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Listicles vs. Journalism: Mashable’s Jim Roberts Talks Apocalypsticles

apocalypsticalAt Social Media Week NYC, our sister blog SocialTimes caught up with some notable digital journalists at a panel hosted by The Wall Street Journal. The panelists weighed in on a piece in Politico that criticized certain web-based publications for turning violence into clickbait:

The Kyiv protests were also starting to look like clickbait. By the end of the day on Wednesday, Business Insider, Talking Points Memo, Buzzfeed and Mashable had all published their own listicle versions of what Huffington Post called “Ukraine Crisis: 12 Apocalyptic Pictures After Nation’s Deadliest Day.” High in resolution, low on explanation, the articles painted Ukraine’s carnage by numbers.
 
A new genre had been born: the apocalypsticle.

“I was outraged by [the Politico piece]… It bothered me personally because I had invested a lot of real dollars in covering that story since December,” said Mashable’s executive editor and chief content officer Jim Roberts at the panel.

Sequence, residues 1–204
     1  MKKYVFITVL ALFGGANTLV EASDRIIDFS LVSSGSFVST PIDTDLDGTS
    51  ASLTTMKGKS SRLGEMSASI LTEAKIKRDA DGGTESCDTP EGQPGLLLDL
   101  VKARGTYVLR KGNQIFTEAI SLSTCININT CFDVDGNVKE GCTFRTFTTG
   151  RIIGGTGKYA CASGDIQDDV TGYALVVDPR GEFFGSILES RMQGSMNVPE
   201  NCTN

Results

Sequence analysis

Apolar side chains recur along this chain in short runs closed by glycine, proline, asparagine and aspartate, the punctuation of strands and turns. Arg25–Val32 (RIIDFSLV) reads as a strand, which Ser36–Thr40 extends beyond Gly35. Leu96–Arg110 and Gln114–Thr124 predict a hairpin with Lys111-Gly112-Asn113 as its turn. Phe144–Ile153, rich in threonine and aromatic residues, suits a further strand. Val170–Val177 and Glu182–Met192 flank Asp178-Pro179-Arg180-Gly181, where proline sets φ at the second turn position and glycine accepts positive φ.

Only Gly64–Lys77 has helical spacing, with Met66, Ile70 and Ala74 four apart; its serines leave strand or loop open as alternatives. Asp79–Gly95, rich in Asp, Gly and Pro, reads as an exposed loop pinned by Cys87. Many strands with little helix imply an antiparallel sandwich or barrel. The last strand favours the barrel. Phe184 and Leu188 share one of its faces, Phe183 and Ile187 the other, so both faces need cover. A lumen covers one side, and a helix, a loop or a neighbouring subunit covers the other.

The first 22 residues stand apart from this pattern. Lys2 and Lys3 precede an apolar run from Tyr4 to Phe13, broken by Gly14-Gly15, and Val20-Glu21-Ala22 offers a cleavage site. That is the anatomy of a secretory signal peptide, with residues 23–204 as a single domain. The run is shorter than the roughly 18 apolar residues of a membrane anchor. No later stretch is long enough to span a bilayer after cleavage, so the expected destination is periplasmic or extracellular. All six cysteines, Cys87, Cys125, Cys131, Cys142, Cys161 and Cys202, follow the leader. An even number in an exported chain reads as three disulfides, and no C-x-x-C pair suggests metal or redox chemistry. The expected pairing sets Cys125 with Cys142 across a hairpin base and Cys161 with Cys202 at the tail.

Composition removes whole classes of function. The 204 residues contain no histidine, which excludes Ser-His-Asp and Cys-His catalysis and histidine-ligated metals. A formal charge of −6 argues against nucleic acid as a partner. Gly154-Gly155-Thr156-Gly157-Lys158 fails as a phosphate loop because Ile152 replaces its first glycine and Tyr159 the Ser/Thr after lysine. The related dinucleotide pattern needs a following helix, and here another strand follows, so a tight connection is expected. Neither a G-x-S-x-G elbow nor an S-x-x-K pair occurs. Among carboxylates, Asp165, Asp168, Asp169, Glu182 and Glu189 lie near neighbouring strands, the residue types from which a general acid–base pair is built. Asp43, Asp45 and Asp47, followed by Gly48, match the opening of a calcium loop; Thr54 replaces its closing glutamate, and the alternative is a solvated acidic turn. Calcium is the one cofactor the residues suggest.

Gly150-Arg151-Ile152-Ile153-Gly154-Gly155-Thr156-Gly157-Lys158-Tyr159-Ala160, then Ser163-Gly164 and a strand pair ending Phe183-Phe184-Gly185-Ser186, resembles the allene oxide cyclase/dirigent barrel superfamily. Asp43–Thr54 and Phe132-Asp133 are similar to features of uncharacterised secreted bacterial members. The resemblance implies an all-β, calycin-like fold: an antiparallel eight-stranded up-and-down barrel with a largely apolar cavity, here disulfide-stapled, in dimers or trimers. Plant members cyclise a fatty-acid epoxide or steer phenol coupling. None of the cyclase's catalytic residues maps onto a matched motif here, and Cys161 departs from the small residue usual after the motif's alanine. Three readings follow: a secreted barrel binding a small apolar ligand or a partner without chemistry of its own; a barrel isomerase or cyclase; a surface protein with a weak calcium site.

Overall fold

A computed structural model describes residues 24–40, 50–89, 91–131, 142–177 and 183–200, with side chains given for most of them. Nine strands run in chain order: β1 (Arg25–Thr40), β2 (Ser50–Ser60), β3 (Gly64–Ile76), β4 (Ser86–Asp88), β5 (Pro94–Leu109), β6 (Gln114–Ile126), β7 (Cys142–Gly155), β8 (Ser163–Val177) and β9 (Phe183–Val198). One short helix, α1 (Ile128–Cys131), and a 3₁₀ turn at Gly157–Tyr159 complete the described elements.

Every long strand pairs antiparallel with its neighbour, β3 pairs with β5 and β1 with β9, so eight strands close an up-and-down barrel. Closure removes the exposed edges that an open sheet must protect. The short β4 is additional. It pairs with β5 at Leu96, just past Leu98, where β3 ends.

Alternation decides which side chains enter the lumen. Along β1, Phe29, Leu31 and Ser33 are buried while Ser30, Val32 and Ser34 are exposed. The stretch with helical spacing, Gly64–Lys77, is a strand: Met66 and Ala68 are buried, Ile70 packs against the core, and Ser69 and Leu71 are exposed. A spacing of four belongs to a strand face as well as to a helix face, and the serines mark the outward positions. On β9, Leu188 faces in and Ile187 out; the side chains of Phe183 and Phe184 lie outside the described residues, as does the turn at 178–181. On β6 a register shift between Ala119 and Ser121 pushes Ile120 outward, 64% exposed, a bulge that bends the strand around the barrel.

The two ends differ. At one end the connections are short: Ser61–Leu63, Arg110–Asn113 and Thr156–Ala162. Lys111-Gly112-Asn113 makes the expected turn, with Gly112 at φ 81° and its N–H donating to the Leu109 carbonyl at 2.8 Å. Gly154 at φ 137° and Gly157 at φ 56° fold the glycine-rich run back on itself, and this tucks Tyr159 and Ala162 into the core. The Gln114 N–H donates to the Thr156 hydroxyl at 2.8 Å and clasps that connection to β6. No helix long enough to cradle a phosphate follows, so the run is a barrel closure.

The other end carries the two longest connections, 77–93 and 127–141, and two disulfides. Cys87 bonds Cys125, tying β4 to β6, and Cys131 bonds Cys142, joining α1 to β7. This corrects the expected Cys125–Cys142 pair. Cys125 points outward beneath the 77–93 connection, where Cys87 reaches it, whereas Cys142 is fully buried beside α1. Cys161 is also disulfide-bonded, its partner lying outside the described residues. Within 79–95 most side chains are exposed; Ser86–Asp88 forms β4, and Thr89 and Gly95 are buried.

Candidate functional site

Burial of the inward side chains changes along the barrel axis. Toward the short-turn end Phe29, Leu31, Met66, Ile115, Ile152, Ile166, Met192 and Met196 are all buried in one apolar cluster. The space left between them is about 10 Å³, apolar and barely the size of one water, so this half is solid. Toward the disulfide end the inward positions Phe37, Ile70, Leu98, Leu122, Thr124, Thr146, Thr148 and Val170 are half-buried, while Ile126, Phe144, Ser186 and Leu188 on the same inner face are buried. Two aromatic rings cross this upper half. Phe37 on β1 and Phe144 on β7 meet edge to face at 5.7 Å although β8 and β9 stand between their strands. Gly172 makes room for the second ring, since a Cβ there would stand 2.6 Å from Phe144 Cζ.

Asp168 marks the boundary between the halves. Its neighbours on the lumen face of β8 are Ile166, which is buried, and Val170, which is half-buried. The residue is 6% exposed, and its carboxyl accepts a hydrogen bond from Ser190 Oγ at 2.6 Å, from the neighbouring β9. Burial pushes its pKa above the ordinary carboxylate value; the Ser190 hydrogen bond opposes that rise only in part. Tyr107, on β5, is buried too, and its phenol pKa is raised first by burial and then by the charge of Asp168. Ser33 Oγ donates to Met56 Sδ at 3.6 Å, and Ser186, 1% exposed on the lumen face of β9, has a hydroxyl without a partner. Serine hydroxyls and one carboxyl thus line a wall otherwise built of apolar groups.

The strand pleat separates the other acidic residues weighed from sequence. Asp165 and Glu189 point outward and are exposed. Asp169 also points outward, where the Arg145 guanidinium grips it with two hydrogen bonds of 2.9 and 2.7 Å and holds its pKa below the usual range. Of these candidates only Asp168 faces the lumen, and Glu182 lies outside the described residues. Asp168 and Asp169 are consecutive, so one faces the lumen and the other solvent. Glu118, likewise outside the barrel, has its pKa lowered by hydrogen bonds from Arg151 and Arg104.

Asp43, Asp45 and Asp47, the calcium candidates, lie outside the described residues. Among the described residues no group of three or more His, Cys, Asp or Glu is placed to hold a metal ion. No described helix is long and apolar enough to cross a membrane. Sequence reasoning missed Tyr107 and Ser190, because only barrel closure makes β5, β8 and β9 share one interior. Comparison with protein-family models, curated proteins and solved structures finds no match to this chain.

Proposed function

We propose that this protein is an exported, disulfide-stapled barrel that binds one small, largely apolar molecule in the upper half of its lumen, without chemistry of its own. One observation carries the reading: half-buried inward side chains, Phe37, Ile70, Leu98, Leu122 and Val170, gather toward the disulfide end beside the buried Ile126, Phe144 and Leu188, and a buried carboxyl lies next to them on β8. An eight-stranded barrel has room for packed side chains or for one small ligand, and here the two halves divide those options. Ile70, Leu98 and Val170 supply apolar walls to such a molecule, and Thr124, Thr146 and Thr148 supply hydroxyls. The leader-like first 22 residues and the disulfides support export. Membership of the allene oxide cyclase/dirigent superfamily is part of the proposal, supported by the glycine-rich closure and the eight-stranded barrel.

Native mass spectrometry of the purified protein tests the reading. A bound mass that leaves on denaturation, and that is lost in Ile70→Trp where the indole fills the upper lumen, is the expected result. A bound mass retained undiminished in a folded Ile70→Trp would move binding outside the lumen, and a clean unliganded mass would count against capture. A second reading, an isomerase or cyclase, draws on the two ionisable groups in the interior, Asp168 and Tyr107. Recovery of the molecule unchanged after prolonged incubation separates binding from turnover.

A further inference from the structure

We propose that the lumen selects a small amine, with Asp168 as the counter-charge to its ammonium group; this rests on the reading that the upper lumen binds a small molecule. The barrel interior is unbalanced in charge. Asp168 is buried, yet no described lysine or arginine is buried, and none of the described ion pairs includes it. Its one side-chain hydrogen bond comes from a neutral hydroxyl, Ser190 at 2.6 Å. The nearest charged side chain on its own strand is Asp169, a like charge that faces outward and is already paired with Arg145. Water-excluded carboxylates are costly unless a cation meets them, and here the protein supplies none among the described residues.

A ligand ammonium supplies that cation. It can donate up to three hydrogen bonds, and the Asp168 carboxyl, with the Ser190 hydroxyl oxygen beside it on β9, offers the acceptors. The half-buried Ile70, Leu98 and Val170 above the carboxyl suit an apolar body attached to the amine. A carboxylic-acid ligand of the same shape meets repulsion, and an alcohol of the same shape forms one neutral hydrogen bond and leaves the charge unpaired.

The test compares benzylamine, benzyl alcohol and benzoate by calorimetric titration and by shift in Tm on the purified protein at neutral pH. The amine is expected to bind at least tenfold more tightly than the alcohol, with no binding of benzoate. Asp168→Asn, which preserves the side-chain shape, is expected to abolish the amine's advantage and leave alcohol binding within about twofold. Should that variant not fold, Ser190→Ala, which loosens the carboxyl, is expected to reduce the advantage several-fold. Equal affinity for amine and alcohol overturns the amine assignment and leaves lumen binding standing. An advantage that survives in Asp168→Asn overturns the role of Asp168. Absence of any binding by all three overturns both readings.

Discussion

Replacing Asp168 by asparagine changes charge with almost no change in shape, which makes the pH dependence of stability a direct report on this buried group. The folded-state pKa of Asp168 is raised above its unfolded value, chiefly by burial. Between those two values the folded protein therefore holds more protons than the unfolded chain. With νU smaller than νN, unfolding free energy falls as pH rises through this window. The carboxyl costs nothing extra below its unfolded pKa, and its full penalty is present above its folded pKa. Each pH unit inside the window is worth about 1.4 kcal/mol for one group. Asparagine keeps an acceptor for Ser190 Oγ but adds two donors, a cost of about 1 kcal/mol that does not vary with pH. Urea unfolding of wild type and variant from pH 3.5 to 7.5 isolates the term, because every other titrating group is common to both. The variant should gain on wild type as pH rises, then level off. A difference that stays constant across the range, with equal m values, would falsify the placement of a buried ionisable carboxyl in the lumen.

Here, he talks more about the publication’s coverage of the crisis: Read more

#myinternship: How Can We Make Internship Programs Better?

hamsterThis week, Doree Shafrir over at Buzzfeed wrote about the ‘internship hamster wheel,’ especially pervasive in our industry. She continued the discussion on Twitter under #myinternship, where a lot of current and ex-journo interns shared their woes, their ideas for making existing intern programs better, and rethinking the whole system entirely. In addition to being a fun and easy way to engage with her readers, there were some good anecdotes.

Here are some of the highlights:

 

 

 

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Upworthy Quits Page Views, Measures ‘Total Attention Minutes’ Instead

upworthyUpworthy released a blog post today announcing their new model for measuring success: Attention Minutes.